Retreat isn’t just a quiet room, it is an explicitly neurodivergent space. Nothing about us without us, right? It’s a place to stim freely, drop the mask a little, and find some neurodivergent kinfolk.
I need regular doses of solitude to recover from sensory onslaught. This doesn’t mean I am anti-social. I’m deeply social, but I do need a fair amount of downtime.
Pro tip: it’s fine to want to understand your autistic friends’ sensory and accommodations issues, etc., but please don’t frame it as a “Gotcha.”
This checklist is for people who aren’t autistic (or whose autistic traits differ from those of their child/charge) to understand what may upset an autistic person, and cause them distress.
For a person with heightened sensory sensitivity, clothing and accessories can make or break an entire day out; here are suggestions for clothes, accessories, and miscellaneous accoutrements that might work.
I truly do not know why some parents don’t want to listen to autistic adults. There is so much good autism information for parents from autistic adults, and so much of it is freely available, and yet the parents choose not to know.
All humans deserve to be able to do energy budgeting in ways that make sense for us, and I hope to see the day when support for autistic people toward this end is considered a matter of basic ethics and decency.
Anne Borden King twitter.com/AgainstCures The NOIT device in use [image: Screen capture from a video, showing the back of a person’s neck with a small buzzing device attached with a gel pack or some such.] The NOIT product was first flagged by Rory McCarthy, an advocate in the ADHD and autistic communities. The device is attached to the base of a child’s neck with glue. It stays attached to the child throughout the day, emitting loud beeps every eight seconds. Its marketers claim that this “Natural Orientation Inducing Tool (NOIT)” is a “tool to create and maintain focused attention.” There is no research or evidence to support this claim. Despite this, NOIT marketers earned nearly $150,000 promoting the product on Kickstarter, even as members of the ADHD and autistic community reached out to Kickstarter, asking it to remove the product from its platform and calling it a torture device. A petition…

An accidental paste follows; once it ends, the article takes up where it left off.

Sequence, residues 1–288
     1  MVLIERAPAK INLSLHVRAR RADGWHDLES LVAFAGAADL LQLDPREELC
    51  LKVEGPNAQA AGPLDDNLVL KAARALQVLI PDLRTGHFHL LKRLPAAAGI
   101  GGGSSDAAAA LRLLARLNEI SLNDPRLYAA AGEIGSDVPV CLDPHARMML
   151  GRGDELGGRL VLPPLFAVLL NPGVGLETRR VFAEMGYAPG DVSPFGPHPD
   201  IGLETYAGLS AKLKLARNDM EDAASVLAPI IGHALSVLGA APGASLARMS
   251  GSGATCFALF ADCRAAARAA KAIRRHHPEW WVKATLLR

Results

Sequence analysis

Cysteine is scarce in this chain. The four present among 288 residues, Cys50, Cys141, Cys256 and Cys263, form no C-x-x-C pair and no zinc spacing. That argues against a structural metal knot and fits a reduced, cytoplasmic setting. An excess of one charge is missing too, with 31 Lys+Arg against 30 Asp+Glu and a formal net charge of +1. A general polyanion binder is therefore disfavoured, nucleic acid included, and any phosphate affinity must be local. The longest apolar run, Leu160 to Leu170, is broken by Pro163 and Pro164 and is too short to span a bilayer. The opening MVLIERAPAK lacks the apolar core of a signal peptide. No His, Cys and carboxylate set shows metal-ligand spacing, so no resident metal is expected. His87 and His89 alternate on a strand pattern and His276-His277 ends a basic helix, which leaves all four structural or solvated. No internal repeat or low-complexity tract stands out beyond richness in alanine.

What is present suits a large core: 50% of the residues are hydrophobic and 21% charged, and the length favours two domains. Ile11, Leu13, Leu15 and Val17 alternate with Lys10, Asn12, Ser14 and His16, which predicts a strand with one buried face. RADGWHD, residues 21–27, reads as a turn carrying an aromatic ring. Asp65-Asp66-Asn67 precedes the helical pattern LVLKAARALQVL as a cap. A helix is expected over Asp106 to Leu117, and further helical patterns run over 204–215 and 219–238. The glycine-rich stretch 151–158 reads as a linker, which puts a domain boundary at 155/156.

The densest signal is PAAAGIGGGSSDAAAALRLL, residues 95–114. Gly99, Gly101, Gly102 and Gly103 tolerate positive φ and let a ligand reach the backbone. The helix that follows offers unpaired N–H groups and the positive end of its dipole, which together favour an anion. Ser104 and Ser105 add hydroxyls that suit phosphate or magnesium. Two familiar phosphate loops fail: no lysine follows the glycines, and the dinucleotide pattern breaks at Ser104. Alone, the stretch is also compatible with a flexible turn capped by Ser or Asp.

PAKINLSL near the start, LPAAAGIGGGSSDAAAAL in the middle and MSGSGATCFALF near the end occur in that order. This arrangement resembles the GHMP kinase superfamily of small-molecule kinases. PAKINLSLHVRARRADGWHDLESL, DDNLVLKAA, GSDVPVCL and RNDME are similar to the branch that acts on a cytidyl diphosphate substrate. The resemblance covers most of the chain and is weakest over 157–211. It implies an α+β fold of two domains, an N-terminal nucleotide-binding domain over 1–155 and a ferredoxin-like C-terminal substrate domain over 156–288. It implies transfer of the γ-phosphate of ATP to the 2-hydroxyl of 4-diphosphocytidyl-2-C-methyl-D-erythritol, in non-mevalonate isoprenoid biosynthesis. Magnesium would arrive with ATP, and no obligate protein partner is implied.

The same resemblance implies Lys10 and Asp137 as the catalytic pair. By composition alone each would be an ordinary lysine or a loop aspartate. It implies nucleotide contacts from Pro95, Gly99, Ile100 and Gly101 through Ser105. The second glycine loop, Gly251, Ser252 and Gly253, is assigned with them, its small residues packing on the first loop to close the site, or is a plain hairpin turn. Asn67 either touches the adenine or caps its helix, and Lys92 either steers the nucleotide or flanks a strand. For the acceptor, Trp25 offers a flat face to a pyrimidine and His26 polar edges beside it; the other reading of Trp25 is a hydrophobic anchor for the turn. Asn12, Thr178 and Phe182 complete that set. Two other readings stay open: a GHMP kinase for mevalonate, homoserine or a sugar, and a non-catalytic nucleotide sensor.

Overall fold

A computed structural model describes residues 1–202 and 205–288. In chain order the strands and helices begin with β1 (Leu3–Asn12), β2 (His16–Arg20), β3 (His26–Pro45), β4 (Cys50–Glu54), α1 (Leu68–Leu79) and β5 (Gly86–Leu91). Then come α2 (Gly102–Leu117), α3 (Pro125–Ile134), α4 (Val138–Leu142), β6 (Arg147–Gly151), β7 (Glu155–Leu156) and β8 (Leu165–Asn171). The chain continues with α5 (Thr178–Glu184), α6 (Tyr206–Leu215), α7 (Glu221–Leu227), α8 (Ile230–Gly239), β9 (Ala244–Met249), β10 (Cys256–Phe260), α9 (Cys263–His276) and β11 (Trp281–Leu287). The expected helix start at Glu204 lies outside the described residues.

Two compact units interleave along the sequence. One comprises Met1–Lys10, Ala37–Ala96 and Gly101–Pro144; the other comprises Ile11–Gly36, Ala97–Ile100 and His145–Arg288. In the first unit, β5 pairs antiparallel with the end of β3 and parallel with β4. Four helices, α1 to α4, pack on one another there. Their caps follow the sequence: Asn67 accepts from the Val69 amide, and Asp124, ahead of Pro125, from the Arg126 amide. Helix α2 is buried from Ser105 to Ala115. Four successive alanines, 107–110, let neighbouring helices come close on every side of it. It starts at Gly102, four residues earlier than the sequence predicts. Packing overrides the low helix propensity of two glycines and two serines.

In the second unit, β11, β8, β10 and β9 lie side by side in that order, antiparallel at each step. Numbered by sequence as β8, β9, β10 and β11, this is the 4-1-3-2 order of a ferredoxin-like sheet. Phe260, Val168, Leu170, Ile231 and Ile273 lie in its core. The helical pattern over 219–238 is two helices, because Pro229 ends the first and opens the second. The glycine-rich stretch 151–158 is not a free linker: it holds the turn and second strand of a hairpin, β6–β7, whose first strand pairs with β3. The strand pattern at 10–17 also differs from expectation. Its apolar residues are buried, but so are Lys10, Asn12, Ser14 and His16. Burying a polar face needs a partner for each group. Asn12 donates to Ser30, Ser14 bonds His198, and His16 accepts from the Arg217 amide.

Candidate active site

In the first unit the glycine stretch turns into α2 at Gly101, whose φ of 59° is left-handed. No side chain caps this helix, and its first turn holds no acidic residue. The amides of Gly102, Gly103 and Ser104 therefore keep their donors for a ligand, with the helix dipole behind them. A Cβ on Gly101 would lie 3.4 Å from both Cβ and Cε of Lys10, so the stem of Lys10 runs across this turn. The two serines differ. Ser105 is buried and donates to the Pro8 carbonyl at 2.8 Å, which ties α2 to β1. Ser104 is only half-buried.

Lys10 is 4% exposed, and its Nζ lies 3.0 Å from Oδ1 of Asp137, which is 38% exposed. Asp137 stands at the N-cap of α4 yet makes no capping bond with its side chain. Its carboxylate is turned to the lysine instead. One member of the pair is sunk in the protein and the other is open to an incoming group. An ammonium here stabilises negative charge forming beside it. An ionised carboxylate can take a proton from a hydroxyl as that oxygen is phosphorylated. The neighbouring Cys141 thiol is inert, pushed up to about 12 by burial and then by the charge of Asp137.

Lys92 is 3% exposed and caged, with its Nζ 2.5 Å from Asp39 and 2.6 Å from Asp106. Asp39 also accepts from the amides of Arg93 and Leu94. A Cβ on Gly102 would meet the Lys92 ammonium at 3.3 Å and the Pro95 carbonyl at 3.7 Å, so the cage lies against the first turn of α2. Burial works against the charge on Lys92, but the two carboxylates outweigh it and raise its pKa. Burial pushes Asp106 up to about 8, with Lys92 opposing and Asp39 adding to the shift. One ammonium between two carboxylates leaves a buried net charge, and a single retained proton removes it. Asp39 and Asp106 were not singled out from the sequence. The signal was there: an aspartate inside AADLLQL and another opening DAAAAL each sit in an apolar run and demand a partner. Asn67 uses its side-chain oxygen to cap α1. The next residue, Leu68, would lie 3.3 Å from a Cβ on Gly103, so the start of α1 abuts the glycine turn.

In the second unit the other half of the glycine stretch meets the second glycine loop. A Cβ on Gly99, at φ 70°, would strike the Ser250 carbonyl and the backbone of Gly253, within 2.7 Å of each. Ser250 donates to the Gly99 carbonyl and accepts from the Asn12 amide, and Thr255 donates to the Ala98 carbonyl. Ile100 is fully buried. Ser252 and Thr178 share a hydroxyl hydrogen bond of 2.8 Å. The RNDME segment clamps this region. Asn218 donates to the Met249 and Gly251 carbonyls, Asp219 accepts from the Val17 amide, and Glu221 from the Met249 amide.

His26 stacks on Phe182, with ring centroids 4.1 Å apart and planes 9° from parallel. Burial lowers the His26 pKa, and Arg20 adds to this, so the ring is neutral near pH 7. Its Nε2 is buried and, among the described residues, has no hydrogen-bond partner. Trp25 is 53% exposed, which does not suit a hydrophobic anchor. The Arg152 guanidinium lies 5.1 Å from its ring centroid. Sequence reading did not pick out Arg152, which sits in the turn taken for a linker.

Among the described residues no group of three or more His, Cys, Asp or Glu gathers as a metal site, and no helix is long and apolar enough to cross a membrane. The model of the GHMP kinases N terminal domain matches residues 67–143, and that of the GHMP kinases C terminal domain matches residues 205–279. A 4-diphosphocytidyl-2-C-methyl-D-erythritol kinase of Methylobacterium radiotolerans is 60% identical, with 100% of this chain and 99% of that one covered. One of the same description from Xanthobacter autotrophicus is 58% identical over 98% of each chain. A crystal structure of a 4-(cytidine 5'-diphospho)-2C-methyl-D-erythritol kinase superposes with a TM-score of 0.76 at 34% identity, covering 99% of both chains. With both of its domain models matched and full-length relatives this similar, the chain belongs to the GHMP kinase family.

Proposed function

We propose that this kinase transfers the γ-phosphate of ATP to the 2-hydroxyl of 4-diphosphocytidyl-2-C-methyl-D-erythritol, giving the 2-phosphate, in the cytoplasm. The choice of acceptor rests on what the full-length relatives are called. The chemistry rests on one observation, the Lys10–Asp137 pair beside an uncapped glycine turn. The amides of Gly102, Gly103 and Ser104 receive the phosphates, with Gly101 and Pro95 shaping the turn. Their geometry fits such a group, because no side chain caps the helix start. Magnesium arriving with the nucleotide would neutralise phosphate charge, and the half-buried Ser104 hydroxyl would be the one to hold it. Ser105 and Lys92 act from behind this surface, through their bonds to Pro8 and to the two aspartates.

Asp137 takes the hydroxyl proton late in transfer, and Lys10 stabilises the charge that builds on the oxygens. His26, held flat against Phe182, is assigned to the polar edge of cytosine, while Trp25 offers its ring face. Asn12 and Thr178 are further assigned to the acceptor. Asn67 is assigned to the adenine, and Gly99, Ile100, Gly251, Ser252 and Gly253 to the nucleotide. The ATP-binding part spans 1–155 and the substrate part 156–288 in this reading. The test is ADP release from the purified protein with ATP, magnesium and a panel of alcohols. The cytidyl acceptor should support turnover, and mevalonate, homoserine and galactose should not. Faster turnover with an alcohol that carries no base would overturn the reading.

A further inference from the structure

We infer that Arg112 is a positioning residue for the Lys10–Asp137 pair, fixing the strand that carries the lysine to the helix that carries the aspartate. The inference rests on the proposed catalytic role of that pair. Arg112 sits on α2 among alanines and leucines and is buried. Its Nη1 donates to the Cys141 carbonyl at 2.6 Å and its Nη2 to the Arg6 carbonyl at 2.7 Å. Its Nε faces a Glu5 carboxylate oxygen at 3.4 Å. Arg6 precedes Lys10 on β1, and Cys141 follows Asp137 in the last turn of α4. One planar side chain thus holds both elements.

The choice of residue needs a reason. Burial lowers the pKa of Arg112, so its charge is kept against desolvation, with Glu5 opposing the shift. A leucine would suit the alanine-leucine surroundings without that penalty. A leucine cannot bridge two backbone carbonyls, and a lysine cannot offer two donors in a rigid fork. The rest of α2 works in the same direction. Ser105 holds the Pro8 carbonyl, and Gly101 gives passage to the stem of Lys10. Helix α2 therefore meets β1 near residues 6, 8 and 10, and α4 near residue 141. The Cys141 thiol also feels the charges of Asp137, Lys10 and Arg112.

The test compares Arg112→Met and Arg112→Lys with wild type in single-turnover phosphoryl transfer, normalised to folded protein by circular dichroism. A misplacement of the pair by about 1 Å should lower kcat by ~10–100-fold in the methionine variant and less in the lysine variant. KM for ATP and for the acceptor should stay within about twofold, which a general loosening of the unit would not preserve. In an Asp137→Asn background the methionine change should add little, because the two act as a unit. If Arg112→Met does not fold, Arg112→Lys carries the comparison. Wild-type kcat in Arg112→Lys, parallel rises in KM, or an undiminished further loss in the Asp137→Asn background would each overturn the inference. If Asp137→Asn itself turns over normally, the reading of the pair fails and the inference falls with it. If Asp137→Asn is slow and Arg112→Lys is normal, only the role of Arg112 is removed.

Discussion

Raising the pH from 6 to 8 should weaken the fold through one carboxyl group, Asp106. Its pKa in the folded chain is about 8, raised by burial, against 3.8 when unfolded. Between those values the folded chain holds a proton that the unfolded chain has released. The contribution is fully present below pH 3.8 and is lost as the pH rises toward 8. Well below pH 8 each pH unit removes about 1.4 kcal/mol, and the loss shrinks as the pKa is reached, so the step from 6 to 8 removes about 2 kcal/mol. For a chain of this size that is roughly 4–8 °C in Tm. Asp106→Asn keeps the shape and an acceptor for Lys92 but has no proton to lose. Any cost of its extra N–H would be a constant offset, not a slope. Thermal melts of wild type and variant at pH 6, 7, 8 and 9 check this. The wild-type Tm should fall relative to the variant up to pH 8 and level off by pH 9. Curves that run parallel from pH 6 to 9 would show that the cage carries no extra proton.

Photo © Sybren Stüvel | Flickr / Creative Commons [image: Frustrated white person at a computer keyboard. Their hands are on their head covering their hair, and they are wearing glasses.] Maxfield Sparrow UnstrangeMind.com Like many folks, I had not heard of Zoom before the pandemic. My friends in IT tell me they were using it for work meetings before much of the United States went into self-quarantine, shelter in place, lockdown, or whatever you want to call the “social distancing” we were urged to observe to help slow the spread of the virus. One bonus for me of the way things have shifted during the pandemic is that I’ve been able to join small groups of people from whom I’m genuinely geographically isolated. For the holy season, I celebrated in community with a Lodge in Sacramento. My friend, Smash Ford, invited me to attend a meeting of the Non-Binary Union…
Source: Focus Features [image: Poster for the movie Harriet. A glowing orange-brown background features three Black people, one man and two women, in 19th century clothing. The woman in the center is wearing a wide-brimmed hat and has an unapologetic expression. Below them is a smaller photo of the center woman, in profile holding up at pistol. All-caps white text below her reads, “Harriet”] Maxfield Sparrow unstrangemind.com The movie Harriet (2019) is 125 minutes (two hours and five minutes) long. www.focusfeatures.com/harriet —- The first thing I noticed about the film Harriet was that the showing was sold out. I was eager to see the film and was simultaneously irritated and grateful that I couldn’t get a ticket. Irritated, because it meant buying a ticket for a later showing and finding a way to kill time for a couple of hours. Grateful because Harriet’s story is one everyone should know. Harriet…